• Presence on streaming services, Have you released any new music?
      • Spotify
      • Apple Music
    • Web Site
      • Tour schedule
      • Bio 
    • Social media presence
      • Facebook/Instagram
      • Youtube 

    Rising Stars are paid a minimum of $900 for four shows and $150/per show for additional shows. The majority of our songwriters will play 4-5 shows during a festival. We offer host housing during the festival, however we do not pay expenses. Rising Star songwriters are responsible for their own transportation getting to the festival and getting to and from their shows while they are at the festival. 

    Songwriter Guidelines: You will be selected out of hundreds of songwriters because we believe in you, and your abilities to entertain our fans. 

    Our job is to set the stage so you can share your music with our fans and hopefully invoke some sort of emotion from them, laughter, happiness, an old memory, sadness or just tell them a great story with your song. 

    All of our show’s are ticketed shows. Our fans can pay as much as several hundred dollars to attend your show. Our fans come to be entertained, and come to listen to great songs and stories. Over the course of the weekend they may attend as many as six to ten shows and see you play multiple times. It is a great opportunity for you to create new fans for your music. 

    All of our shows are songwriter rounds with two or more songwriters. Think about the round as an entire show and you are just one of the parts. When the parts all work together, interact and show appreciation for each other, the show is great. 

    We have a saying around our festivals, “Our Songwriters are better people off stage than they are on stage and they’re great on stage”. You can expect to be treated professionally and with a great deal of respect for your talents.  We expect the same from you toward our staff, volunteers, fans, sponsors and community.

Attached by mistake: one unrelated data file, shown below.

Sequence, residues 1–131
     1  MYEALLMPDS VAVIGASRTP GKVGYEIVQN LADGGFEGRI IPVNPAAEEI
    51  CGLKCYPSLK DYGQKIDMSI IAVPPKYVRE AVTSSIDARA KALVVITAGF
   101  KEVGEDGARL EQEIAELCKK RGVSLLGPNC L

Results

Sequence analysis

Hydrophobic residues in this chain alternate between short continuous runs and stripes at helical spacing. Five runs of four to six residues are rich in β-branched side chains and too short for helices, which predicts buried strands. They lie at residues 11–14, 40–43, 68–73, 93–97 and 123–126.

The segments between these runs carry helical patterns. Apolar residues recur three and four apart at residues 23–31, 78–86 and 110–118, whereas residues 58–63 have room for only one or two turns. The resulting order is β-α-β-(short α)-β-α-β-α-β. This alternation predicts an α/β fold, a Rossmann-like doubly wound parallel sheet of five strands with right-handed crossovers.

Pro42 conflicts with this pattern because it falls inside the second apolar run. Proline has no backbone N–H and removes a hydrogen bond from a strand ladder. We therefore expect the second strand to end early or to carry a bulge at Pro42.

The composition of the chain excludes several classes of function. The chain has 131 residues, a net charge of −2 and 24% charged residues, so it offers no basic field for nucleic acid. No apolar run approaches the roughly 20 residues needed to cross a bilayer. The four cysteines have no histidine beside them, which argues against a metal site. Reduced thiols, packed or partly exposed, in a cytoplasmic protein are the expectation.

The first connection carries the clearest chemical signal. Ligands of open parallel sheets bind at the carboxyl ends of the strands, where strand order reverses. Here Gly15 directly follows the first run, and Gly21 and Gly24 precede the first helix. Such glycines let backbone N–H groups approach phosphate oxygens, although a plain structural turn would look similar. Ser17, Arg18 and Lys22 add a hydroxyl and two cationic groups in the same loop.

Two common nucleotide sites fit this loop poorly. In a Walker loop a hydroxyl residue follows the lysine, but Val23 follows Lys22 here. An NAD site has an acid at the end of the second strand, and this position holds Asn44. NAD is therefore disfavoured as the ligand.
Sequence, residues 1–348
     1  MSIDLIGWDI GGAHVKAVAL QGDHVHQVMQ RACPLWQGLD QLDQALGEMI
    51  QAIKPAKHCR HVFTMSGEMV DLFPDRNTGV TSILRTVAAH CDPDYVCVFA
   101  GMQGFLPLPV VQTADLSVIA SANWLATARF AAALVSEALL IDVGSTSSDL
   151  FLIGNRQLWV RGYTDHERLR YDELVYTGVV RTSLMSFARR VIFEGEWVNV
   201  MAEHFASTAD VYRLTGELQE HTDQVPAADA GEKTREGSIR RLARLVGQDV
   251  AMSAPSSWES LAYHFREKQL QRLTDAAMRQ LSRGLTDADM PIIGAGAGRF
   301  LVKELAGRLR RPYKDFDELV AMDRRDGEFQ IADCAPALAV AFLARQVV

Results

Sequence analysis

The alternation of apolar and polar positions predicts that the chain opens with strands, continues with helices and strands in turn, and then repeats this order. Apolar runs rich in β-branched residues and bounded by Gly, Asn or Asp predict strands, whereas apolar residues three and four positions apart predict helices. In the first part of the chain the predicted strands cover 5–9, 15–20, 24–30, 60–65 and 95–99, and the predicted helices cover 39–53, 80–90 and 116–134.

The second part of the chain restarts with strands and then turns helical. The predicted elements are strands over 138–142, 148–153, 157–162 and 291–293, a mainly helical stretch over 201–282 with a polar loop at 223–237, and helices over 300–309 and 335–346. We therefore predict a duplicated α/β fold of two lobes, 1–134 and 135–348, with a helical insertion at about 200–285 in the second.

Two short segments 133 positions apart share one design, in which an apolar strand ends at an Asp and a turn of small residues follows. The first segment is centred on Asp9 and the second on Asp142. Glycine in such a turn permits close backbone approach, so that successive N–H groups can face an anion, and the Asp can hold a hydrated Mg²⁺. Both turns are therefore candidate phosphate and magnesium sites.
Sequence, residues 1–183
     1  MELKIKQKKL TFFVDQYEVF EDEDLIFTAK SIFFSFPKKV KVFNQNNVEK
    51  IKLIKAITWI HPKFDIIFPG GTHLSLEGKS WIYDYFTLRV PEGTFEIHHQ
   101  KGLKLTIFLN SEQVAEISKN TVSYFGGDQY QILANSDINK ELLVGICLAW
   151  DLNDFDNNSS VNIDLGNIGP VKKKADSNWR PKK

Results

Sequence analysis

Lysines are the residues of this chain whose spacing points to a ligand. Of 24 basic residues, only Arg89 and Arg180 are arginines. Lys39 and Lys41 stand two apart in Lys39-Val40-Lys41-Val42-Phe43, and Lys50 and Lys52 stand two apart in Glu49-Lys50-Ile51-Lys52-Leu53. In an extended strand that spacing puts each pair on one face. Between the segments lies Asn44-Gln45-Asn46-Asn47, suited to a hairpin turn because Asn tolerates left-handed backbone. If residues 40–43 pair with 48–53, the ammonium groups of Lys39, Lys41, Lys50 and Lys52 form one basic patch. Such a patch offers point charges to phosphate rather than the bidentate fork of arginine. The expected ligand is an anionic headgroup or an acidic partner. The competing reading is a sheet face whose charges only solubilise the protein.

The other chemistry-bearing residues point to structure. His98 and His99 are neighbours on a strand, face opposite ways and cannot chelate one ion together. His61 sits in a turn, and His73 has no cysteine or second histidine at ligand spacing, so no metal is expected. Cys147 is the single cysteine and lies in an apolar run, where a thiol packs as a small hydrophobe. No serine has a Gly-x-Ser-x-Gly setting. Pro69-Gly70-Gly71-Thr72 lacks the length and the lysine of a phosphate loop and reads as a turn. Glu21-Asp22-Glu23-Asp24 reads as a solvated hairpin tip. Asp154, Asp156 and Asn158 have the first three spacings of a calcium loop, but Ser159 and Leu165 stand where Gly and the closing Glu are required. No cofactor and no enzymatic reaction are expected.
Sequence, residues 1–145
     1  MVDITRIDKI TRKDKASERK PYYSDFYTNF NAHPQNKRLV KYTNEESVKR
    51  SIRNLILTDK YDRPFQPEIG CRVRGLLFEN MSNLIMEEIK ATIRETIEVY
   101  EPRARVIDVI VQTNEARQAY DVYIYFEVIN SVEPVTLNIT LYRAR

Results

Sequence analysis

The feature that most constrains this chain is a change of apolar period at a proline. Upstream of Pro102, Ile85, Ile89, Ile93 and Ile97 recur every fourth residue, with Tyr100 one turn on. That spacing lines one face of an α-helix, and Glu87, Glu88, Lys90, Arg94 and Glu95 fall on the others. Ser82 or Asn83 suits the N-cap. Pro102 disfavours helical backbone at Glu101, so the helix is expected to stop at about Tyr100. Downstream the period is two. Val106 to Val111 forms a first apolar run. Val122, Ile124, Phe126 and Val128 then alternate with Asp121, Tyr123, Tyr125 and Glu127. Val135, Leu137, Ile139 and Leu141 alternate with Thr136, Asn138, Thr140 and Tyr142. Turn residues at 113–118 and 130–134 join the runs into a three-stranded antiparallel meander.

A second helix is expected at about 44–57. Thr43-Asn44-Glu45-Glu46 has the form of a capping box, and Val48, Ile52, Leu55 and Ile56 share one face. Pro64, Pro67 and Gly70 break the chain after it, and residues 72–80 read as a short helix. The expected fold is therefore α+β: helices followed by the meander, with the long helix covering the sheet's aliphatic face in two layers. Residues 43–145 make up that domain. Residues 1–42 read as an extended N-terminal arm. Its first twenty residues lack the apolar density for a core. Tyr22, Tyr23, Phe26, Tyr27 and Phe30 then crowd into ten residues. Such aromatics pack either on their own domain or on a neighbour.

Song Selection: You all have a signature or fan favorite song, it is ok to repeat this song during your various rounds, in fact some fans may follow you around to hear you play that one song. However, the majority of your songs should be fresh to each round. You should plan to have at least a dozen or more songs to share with the audience. You should be flexible with your playlist. Be prepared to play an up tempo song if the two songwriters before you play a slow ballad.  Nothing will suck the energy out of an audience faster than three or four slow songs in a row. I would suggest you open with and close with an up tempo song. Be fun, be entertaining, make people smile. We’re not saying you shouldn’t play an emotional ballad, you should, just don’t let it define you as a songwriter. 

    Song intros & fan banter: We all enjoy a good story and banter before your song, however remember you are sharing the stage with one or two other songwriters.  Song intros should be concise, have a point to them and if possible, humorous. The trip down memory lane in your grandpa’s truck may be important to you, but it may bore the audience.  You might have heard the old cliche “Is there a song in that story somewhere?” You’ll want to be sure that doesn’t apply to you.